Microsoft’s cloud-based application suite (Microsoft 365 or M365) provides all the regular apps for productivity such as Exchange, Word, PowerPoint, and Excel, and also includes online collaboration tools such as Skype for Business, Teams, SharePoint web-portal, and OneDrive. Microsoft 365 makes enterprise-wide licensing easier for CIOs to manage, and it solved the frequent and ongoing licensing issues that invariably crept up during Microsoft license audits—mitigating these pitfalls justified the cost of the SaaS platform.
Seems like a great solution. Except . . .
Large enterprises traditionally have a central headquarters supported by branch offices. In legacy networking environments, all those locations connect to a single corporate network and link to a central private data center. The network architecture is a “hub-and-spoke” model that routes all data back into the data center via expensive MPLS backhaul links.
This all worked fine when desktop apps all lived on-premises (or on-device). Microsoft 365 lives in the cloud, and its enterprise adoption creates a surge in cloud-bound data traffic that requires a huge amount of bandwidth. In a legacy hub-and-spoke environment, data traffic flows from the branch offices to the data center over MPLS networks, then outbound through the data center security stack to Microsoft clouds hosting M365. It then has to double back through the inbound security stack back into the data center, then back out to branch offices. This multi-hop, multi-security-check route introduces huge amounts of latency and ruins M365 performance.
Remote workers send data on an even more convoluted journey: their M365 traffic originates from a VPN client and flows into and out of the data center via a linear stack of appliances including load balancer, distributed-denial-of-service (DDoS) security, firewall, VPN concentrator, intrusion prevention system (IPS), SSL decryption, data loss prevention (DLP), and/or advanced threat protection (ATP). Again, the latency inherent in the traffic route means that M365 performance decreases (often to the point of unusability).
This complex and extended linear-processing path can introduce latency that affects application performance. (Picture a single tollbooth on an eight-lane highway. At rush hour.) At any point in this chain, some glitch can occur that can obstruct throughput. Every IT team member has a story of getting roused out of sleep in the dead of night by a frustrated CEO who can’t VPN into the company network.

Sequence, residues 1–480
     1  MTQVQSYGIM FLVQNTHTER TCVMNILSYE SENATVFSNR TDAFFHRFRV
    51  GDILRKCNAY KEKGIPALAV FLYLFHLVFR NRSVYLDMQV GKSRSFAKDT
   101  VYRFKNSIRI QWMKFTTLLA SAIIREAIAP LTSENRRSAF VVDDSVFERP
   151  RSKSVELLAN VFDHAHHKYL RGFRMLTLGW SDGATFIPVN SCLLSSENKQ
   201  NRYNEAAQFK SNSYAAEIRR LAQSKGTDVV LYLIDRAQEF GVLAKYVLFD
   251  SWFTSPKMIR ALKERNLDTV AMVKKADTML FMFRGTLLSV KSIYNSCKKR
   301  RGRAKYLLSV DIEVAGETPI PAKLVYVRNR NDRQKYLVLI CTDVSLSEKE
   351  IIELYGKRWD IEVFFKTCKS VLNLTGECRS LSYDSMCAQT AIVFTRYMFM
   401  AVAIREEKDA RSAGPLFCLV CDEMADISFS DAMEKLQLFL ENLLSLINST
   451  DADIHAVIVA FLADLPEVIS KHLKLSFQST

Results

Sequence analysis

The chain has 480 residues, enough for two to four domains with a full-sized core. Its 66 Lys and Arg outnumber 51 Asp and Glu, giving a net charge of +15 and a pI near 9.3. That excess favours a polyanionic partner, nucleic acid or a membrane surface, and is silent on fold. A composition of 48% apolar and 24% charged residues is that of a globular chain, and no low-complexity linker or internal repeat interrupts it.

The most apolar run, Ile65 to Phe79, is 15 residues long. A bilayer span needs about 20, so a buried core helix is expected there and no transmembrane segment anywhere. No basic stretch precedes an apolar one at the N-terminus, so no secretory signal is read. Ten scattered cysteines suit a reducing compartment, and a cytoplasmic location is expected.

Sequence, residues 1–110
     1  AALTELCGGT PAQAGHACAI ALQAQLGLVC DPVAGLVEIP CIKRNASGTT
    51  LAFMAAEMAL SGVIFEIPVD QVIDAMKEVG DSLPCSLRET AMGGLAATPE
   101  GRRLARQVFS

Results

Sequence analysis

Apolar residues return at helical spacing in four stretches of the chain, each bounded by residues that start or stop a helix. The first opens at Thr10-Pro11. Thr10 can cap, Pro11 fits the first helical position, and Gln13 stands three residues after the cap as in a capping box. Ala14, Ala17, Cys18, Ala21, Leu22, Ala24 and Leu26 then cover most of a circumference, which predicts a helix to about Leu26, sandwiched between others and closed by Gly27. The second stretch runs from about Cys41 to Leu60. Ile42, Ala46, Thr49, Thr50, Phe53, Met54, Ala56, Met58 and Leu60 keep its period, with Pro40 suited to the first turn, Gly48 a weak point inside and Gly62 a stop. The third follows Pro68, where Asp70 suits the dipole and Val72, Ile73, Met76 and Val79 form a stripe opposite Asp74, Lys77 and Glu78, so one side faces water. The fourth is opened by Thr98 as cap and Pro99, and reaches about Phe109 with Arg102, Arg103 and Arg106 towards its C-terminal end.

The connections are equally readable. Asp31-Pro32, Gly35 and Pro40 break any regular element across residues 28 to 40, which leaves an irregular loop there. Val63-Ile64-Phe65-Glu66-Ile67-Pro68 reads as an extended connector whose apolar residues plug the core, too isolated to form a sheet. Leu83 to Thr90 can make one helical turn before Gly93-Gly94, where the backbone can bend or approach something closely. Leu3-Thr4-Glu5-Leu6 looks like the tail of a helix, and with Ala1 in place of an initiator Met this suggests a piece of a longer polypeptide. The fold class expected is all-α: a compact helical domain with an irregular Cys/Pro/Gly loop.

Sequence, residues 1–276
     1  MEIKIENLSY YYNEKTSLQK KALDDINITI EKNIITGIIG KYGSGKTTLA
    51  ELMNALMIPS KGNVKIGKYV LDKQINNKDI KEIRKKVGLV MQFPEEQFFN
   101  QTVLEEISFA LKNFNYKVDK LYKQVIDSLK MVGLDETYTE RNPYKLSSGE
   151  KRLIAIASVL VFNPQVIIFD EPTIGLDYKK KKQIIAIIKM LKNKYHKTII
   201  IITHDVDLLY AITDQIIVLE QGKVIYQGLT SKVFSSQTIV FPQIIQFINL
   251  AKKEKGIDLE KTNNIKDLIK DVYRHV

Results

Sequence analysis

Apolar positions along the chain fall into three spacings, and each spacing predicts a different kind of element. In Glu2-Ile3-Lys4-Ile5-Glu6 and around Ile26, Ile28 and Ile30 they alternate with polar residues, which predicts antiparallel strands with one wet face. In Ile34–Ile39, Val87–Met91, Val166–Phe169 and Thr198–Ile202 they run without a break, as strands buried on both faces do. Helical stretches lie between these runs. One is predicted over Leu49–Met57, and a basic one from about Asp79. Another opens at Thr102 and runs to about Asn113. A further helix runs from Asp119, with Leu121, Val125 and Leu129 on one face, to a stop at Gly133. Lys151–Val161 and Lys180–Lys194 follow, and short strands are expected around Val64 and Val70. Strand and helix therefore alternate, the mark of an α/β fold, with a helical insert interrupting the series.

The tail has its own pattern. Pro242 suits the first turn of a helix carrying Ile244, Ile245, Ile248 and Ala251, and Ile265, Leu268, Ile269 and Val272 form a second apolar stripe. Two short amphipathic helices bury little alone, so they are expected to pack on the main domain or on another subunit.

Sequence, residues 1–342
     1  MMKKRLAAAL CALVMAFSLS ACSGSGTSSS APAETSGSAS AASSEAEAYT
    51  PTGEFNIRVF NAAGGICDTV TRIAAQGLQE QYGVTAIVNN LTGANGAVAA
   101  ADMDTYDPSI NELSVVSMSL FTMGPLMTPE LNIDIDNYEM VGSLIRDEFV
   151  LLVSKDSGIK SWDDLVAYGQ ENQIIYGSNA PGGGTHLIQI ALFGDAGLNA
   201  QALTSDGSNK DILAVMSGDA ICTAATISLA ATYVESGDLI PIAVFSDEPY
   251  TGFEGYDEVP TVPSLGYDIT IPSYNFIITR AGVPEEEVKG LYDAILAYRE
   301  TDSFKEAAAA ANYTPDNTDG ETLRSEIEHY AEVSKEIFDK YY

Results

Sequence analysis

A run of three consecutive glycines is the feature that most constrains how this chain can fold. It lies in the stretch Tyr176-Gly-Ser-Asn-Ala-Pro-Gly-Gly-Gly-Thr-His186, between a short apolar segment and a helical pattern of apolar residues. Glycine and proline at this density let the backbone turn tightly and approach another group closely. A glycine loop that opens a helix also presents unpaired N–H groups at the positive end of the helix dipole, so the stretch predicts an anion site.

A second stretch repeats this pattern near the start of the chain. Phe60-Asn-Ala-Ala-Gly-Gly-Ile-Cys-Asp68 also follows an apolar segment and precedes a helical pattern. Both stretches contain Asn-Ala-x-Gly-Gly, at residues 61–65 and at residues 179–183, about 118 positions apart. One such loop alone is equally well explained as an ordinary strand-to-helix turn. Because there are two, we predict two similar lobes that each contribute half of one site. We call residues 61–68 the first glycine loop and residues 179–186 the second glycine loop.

Now, no one is using the expensive M365 solution.
IT departments are turning to DevOps practices to increase the pace of application development to match ever-changing business needs and priorities. They’re hiring new people with new skills (Scrum masters, application architects, Agile developers, UI/UX resources, etc.) and building new cross-functional teams. IT is implementing new business functions and new technologies such as chatbot integration, robotic process automation (RPA), artificial intelligence, and machine learning. These integrations require engagement with outside startups, vendors, and contractors while planning multiple PoCs. It’s busy, multifaceted, and everybody must effectively communicate.
Adopting DevOps means constant enterprise IT collaboration. It involves cross-functional teams that include outside resources such as startups and consultants. This is a perfect use case for Microsoft 365 collaboration tools like Teams, SharePoint, and OneDrive. But Microsoft 365 performance—and in particular, M365 collaboration-tool performance—deteriorates with extended data travel (e.g., corporate-network backhauling coupled with destination-based security processing). This travel dramatically impacts user experience, leading some users to consider bypassing security to improve connectivity. (Many a CISO has blocked direct Microsoft 365 connections for that reason.)
Microsoft 365 generates more data traffic and consumes more bandwidth than its desktop counterpart application suite. If the corporate network and security stacks aren’t provisioned to handle it, performance degrades and users cannot use the tools.
SaaS applications are moving out to the cloud, but network and security appliances remain rooted in the data center. It’s an untenable model. It’s time to replace hub-and-spoke networks with direct internet connectivity, and move security appliance stacks out of the data center and distribute them at the edge of the cloud.
Zscaler Internet Access (ZIA) is a globally distributed, multitenant, cloud security solution that hosts enterprise security policies and allows users to connect to SaaS applications via direct internet connections, no matter where users or their devices are located. ZIA provides a one-click Microsoft 365 setup that handles the complex and ever-expanding set of IPs and domains used by Microsoft. Zscaler has a peering arrangement with the Microsoft 365 cloud in multiple data centers worldwide. Security is delivered inline, close to each user, eliminating backhauling and optimizing Microsoft 365 connectivity.
SaaS offerings such as Microsoft 365 help remote workers collaborate. But legacy network and security architectures were never designed for cloud applications: network latency impacts Microsoft 365 user experience, and hardware-based security cannot easily scale to meet Microsoft 365 bandwidth demands. Zscaler optimizes Microsoft 365 performance with direct peering, and secures direct-to-cloud connectivity with no impact on user experience. This, in turn, adds value to any Microsoft 365 deployment and provides ample evidence for CIOs to justify their Microsoft 365 investments.